San Francisco News Letter 



July 16, 1910. 



Many of the older people, who do not possess an intimate 
acquaintance with the automobile, often express surprise when 
walking with children to hear the latter announce that the lasl 
car that just passed was such-and-such a make. This is consid- 
ered remarkable by the elder?, who imagine that the youngsters 
have a supernatural power or truly wonderful knowledge. The 
knowledge, however, is gained by the children as a result of 
some distinguishing feature or lines that bring to their minds 
the name of the car. Oftentimes it is the radiator, but more 
often it is the hub cap that bespeaks the name of car, just as 
certain trade marks become so well known that the instant tiny 
are seen the article or goods carrying the trade mark are recalled 
to mind. 

One of the most easily distinguished cars for this reason is 
the Seidell car. Its hub cap, a brass S with red ami blue back- 
ground iu brass circle, is different, and about as striking as any 
hub cap used on any car. The Selden "S" is so out of the ordi- 
nary, and is so consistently ased by the Selden Motor Vehiele 
Company, that it is now pretty generally known, and as a result, 
ears of this make are easily picked out even by children. And 
so it is right down the list of cars. About every car made has a 
distinguishing hub cap different from every other car, and an 

unwritten law forbids imitation. 

* * * 

Paul L. McMullen, who is tearing Lake County iu his Thomas 
"6-70," has just astonished the inhabitants of that corner of the 
world by setting a new record for il" 1 run from Lakeporl to 
Bartlett .Springs. This distance, which includes a particularly 
severe sixteen mile grade, was made in one hour ami thirty-five 

minutes. The machine carried seven passengers. 

* * * 

Captain Dougherty has just returned to the city after a week's 
stay with the militia, where be proved the feasibility of the au- 
tomobile for us in anm Bervice. The captain leaves this week 
for Yosemiie Valley with his family. They will make the trip 
in their Chalmers "30." 



A QUESTION OF WADS. 
Over in Marin County they have just organized a Good Roads 
movement, and it is taking hold in good shape. There is no 
more beautiful country in the world than that around Tamalpais, 
and good roads would mean much more money in circulation. It 
is an uphill fight to produce good roads in a county thai bas 
been misgoverned. Marin pays as high a tax as any county in 
the Slate, and yet its roads are a disgrace. With the Good Roads 
movement en. a movement to utilize tin' State's convicts in goodj 
healthy work, should be fostered ami tin- reads should receivs 
Ibe attention of a convict force. In Ibis way the State would 

receive something foi its m iy, the convicts would be healthily 

employed, the county of Marin would have a splendid syste ! 

reads, the PifltolesJ gang would have its grafl supply cut off, I 

the fax-payer get something for his money. 



Now is the time to have your carpets cleaned — while away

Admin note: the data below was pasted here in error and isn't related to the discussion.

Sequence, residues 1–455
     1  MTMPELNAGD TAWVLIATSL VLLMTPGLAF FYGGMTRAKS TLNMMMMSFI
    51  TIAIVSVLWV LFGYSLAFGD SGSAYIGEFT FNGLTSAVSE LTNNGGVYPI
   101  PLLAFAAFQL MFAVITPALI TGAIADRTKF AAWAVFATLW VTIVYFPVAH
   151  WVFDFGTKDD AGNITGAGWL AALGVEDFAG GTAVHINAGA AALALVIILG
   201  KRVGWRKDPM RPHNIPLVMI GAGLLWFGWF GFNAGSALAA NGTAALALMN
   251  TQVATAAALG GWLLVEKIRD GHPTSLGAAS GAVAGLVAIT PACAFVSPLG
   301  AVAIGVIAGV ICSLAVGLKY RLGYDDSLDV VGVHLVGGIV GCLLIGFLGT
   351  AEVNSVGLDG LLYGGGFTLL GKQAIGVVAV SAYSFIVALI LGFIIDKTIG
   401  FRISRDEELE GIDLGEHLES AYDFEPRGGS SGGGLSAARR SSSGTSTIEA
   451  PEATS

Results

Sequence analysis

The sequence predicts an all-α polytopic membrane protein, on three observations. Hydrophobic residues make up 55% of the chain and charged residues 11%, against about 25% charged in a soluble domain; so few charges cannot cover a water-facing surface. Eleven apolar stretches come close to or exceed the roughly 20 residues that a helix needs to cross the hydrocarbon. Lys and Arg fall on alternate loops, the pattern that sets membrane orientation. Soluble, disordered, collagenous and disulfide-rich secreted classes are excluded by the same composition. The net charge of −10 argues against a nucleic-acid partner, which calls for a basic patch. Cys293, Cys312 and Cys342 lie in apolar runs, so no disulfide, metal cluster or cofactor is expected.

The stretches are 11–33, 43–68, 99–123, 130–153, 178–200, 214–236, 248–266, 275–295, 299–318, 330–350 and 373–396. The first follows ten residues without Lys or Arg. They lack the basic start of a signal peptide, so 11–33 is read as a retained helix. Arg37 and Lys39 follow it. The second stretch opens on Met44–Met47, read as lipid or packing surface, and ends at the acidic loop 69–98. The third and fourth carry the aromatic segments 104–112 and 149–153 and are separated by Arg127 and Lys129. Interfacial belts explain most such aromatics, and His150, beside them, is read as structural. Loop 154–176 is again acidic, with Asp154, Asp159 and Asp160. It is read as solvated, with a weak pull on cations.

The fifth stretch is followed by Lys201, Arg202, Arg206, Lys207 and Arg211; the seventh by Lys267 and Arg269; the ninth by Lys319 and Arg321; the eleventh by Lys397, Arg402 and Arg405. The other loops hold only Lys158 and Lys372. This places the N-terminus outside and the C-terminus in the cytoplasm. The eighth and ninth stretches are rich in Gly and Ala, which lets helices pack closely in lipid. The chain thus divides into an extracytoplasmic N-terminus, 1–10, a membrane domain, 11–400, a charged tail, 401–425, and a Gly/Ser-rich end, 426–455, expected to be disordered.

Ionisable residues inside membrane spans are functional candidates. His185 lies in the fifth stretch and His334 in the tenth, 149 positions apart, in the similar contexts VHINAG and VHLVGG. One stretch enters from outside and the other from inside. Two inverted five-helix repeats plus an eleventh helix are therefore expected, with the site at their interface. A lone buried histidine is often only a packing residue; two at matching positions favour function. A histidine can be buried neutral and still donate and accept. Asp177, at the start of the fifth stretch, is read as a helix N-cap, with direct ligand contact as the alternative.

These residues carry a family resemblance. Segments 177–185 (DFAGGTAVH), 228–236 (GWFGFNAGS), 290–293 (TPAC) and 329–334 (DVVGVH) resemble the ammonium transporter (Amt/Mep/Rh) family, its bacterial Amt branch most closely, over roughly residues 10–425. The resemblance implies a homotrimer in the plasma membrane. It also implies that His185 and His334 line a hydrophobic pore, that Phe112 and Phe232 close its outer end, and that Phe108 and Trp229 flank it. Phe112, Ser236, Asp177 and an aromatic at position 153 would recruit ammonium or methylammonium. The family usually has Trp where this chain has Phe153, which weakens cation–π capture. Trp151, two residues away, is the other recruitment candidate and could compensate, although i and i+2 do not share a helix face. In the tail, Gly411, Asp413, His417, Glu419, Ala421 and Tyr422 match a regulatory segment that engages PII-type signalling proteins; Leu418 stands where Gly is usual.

on your vacation. Telephone to the Spaulding Carpet Cleaning 
Works. 989 Golden Gate avenue (telephone Market 643), and 
they will call for them. You may allow them to remain at the 
works until your return, or have them returned at once, as you 
desire. All work guaranteed. 



IER0LENE 

(Just remember the name] 

The One Oil for 
All Gasoline 
Motors 




"When you find a 
better oil than Zero- 
lene — use that oil. ' ' 

V ^^K^rltLi/l' ^ or a " tv P es °f cylinders and 

^ ^r yfi bearings. Made in one grade 

■* only — Nothing to remember but 

the name — Zerolene. In sealed cans with patent 

spout. Barrels for garage trade. 

Sold by most dealers ; if not at yours, write to the 

Standard Oil Company 

1 Incorporated ) 
461 Market St.. San Franciico 



When the best argument our contempo- 
raries can make for their oil, is that 

"It is the same as MONOGRAM." 
"Looks just like MONOGRAM." 

Why not use that standard of excellence? 

MONOGRAM OILS 

See that you get it. 



Ask for it 



NEW YORK LUBRICATING OIL CO. 

GEORGE P. MOORE, Pacific Coast Manager 
586 Golden Gate Avenue San Francisco 



White Diamond Water Co. 



Pure Water for Oaklasd 
Alameda 

incorporated Berk Hey 

An absolutely sanitary water, neither boiled, distilled nor chemically 

treated, but bacterlologrlcally purified by electrical process 6 gallons 

DELIVERED FRESH EACH WEEK. (1.60 per month. Sln«le S fall on 

bottle, 60 cents. 

Phones: Piedmont 1720 and Home A 4192. 
980 450i Street Oakland. Csl. 



RENAULT "The Car" Guaranteed For Life 






NEW PRICES FOR 1910 






Closed Cars 


Touring or Runabouts 




complete 




complete 


Voituretle 






11750 


9 H. P. 


J31MI 




2500 


10 H. P. 4 cyl. 


3500 




3000 


12-16 H. P. 


4000 




3200 


14-20 H. P. 


5500 




4500 


18-24 H. P. 6 cyl. 


"Little Si*" 6250 




5250 


20-30 H. P. 4 cyl. 


6500 




5500 


2S-3S H. P. 4 cyl. 


6800 




5800 


35-45 H. P. 4 cyl. 


7500 




6500 


50-60 H. P. 6 cyl. 


Bit six" asm 




7500 



ALL CARS BUILT ESPECIALLY FOR AMERICAN ROADS. 



RENAULT' FRERES SELLING BRANCH INC. 



316-322 Van Ness Ave., San Francisco, Cal. 



Telephone, Market 7038 



JUL! 16, L910. 



and California Advertiser 



33 




m liscuss such questions? What for i jn influ 

i - poisoning their minds? 



( hi.iixT to < >cn 
Monroe Doctrine. 



The belief is mm pretty general in 
European as well as in American 
diplomatic circles thai very likely 
during the Argentine Exposition at 
Buenos Ayres an unofficial conference will be held by delegates 
from all the Latin- American Repuhlics in Central and South 
America to pave the way for an official consideration of the limi- 
tations of the Monroe Doctrine in so far as the doctrine is 
thought to apply or may be applied to the protection of the re-